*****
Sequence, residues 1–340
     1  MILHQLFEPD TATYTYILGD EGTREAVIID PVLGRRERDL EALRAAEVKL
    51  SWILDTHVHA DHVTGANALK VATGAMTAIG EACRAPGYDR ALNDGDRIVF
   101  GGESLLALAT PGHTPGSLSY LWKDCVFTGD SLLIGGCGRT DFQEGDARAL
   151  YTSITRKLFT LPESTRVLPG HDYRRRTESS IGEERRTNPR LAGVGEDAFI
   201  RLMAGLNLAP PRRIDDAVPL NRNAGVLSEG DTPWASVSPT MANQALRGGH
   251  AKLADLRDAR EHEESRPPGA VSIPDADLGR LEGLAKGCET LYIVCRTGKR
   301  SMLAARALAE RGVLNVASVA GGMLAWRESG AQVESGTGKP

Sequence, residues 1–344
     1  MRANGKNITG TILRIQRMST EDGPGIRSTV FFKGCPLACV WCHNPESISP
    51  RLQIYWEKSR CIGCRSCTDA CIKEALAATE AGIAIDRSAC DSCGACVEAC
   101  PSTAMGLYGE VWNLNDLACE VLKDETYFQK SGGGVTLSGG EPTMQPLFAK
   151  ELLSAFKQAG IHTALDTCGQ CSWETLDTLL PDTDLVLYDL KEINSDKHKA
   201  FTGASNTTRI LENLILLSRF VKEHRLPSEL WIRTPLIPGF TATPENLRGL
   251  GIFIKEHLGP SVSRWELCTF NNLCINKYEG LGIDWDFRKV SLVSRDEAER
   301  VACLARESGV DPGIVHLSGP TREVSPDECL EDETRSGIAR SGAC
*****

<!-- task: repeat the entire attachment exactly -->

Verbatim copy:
Sequence, residues 1–340
     1  MILHQLFEPD TATYTYILGD EGTREAVIID PVLGRRERDL EALRAAEVKL
    51  SWILDTHVHA DHVTGANALK VATGAMTAIG EACRAPGYDR ALNDGDRIVF
   101  GGESLLALAT PGHTPGSLSY LWKDCVFTGD SLLIGGCGRT DFQEGDARAL
   151  YTSITRKLFT LPESTRVLPG HDYRRRTESS IGEERRTNPR LAGVGEDAFI
   201  RLMAGLNLAP PRRIDDAVPL NRNAGVLSEG DTPWASVSPT MANQALRGGH
   251  AKLADLRDAR EHEESRPPGA VSIPDADLGR LEGLAKGCET LYIVCRTGKR
   301  SMLAARALAE RGVLNVASVA GGMLAWRESG AQVESGTGKP

Sequence, residues 1–344
     1  MRANGKNITG TILRIQRMST EDGPGIRSTV FFKGCPLACV WCHNPESISP
    51  RLQIYWEKSR CIGCRSCTDA CIKEALAATE AGIAIDRSAC DSCGACVEAC
   101  PSTAMGLYGE VWNLNDLACE VLKDETYFQK SGGGVTLSGG EPTMQPLFAK
   151  ELLSAFKQAG IHTALDTCGQ CSWETLDTLL PDTDLVLYDL KEINSDKHKA
   201  FTGASNTTRI LENLILLSRF VKEHRLPSEL WIRTPLIPGF TATPENLRGL
   251  GIFIKEHLGP SVSRWELCTF NNLCINKYEG LGIDWDFRKV SLVSRDEAER
   301  VACLARESGV DPGIVHLSGP TREVSPDECL EDETRSGIAR SGAC